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shareAcl: [{
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"type": 4,
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"allow": "000000000000000000000005"
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}]
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Here, the type: 4 is specifying the target is the instance owner and that the owner can grant the provider role (role _id "000000000000000000000005") via a connection. This means that any defaultAcl defined for the provider role in the object definition will be granted to the connected user for that object instance even though they may not have the provider role assigned to their user account.
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shareAcl: [{
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"type": 3,
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"target": "5532e499540b0183799b4ee5"
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"allow": "58e96eb0105ddf010067046b"
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}]
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Here, the type: 3 is specifying the target is a role. We've created some custom roles of Manager (role _id "5532e499540b0183799b4ee5") and Reporter (role _id "58e96eb0105ddf010067046b"). In the share ACL rule, we are specifying that the Manager role can grant the Reporter role to another user for an object instance via a connection.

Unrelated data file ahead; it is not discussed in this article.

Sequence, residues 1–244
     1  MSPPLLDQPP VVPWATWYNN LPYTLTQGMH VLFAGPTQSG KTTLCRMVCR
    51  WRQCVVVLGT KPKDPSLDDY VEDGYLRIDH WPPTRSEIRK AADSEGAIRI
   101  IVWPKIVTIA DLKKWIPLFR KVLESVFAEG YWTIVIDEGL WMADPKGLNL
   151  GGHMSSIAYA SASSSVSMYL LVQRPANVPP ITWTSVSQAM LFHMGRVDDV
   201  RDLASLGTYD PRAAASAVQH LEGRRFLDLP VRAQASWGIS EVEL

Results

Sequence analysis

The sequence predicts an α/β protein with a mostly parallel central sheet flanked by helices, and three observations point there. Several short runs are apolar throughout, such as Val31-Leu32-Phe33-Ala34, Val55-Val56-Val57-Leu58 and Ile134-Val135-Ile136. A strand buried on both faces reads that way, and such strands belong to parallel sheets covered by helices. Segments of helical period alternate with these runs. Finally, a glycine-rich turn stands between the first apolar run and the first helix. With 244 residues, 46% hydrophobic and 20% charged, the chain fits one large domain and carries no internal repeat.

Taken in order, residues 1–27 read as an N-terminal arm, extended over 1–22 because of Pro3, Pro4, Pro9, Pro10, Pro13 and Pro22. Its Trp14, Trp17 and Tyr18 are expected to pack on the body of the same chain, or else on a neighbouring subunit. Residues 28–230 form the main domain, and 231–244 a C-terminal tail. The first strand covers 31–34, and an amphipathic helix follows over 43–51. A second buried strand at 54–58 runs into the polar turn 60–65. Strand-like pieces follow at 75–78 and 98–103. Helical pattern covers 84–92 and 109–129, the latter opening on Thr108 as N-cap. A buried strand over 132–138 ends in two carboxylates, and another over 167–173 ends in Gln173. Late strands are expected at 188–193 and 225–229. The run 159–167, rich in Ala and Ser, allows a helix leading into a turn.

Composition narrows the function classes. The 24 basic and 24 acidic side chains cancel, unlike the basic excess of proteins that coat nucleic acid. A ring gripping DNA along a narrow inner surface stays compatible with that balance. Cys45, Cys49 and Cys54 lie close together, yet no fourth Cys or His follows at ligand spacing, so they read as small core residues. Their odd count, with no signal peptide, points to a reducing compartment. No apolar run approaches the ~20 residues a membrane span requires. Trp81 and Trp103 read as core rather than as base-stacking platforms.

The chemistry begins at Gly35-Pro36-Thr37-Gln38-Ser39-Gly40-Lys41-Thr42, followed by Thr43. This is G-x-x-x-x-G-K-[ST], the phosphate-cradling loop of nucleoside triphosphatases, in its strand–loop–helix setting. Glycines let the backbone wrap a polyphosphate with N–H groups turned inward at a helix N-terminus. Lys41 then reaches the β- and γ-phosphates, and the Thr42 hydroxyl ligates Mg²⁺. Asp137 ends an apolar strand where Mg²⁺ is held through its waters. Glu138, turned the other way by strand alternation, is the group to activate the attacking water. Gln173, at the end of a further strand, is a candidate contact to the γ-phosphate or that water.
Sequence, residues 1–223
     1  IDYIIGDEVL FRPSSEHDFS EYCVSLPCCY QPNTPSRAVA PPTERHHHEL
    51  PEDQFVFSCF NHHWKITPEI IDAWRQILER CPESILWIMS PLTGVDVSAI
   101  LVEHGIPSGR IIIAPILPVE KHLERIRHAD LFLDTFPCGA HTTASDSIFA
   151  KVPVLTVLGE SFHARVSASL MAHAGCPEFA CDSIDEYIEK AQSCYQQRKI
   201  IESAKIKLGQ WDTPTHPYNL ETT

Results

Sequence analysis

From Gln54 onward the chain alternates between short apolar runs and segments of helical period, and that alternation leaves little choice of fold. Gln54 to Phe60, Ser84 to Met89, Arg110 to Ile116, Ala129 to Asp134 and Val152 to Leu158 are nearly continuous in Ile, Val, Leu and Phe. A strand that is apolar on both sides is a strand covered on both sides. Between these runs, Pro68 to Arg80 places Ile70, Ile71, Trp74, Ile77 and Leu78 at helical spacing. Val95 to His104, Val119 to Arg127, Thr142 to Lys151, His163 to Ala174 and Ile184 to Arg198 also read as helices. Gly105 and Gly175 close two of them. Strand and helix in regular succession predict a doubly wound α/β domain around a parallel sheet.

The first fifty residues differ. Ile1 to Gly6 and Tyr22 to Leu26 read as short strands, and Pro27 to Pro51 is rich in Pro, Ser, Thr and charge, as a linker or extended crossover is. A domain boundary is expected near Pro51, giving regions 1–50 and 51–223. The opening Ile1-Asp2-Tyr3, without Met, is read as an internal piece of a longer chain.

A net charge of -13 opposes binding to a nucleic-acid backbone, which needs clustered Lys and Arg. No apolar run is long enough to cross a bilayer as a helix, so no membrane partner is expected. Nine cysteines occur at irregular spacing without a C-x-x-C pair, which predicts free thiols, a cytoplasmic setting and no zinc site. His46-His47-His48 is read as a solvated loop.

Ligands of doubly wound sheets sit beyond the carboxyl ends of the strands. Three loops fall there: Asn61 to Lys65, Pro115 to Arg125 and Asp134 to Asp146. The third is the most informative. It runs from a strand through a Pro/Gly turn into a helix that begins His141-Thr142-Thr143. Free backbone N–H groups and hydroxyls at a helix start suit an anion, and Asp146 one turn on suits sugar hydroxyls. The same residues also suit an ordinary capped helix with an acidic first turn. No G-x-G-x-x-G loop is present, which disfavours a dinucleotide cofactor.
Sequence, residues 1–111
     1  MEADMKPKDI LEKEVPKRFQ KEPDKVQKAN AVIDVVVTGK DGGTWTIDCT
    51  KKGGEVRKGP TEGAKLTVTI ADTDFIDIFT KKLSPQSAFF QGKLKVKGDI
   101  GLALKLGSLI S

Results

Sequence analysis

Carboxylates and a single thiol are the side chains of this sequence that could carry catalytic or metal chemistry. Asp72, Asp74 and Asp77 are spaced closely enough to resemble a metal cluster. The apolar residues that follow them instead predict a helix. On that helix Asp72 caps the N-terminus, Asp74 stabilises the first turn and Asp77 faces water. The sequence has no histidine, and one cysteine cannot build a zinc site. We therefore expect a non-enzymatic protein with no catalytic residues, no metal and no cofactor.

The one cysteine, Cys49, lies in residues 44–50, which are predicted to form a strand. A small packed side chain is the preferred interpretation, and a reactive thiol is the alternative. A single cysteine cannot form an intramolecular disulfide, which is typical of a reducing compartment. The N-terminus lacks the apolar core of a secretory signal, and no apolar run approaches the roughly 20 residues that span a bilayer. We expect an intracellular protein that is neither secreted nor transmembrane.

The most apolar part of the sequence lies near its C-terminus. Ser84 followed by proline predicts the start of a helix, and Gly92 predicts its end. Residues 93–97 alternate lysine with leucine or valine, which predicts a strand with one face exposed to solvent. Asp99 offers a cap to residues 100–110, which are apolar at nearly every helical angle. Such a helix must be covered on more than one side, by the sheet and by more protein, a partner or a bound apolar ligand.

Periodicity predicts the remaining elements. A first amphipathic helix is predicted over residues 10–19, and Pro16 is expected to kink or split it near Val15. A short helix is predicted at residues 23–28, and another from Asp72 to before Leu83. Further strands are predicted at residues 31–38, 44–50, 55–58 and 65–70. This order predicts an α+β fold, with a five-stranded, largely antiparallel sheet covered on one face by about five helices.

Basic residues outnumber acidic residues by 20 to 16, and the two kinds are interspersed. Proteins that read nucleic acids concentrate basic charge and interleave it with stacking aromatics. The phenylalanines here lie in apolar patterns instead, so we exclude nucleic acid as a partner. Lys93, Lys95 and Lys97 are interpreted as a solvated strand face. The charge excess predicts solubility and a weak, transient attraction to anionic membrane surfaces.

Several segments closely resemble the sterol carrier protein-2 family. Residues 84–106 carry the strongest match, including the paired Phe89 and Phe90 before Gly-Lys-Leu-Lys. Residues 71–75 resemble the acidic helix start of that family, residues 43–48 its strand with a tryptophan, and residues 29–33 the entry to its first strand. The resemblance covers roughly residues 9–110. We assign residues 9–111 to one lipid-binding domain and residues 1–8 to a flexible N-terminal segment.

Share Chains

The share chain for each Object controls the access level that can be granted to a user through a Connection. A user with enough access to create a Connection can grant any level of access in the object's Share Chain as long as it is lesser than their own.
For example, a user who creates a Patient File is granted Delete access through the object's default ACL. That use can then grant others Share or Connected access to the context. Subsequently, a connected invitee with Share access could re-share the context with others, but only grant Connected access.
The share chains for each object are listed in their descriptions.

User Roles

There are three standard roles: Admin, Provider and Developer. An Organization can create custom roles, and assign access controls to these. Custom roles can be also be includes within each other. All accounts holder a role are also assumed to hold the included roles.
Creating custom roles can easily be done under Settings > Roles. Creating a new custom role simply requires providing a role name.
Custom roles can also be hierarchical. For example you can create a custom role and specify that it includes other roles.
Once your custom role is created, it's available to be used in Access Controls as well as in scripts via the Consts Module

Property ACLs

Object properties have ACLs that determine the access required to create, read, update and delete properties. An Organization can also augment read and update access settings for individual properties with custom ACLs. Commonly, properties required with connected access to read and Update access to update.
Last modified 28d ago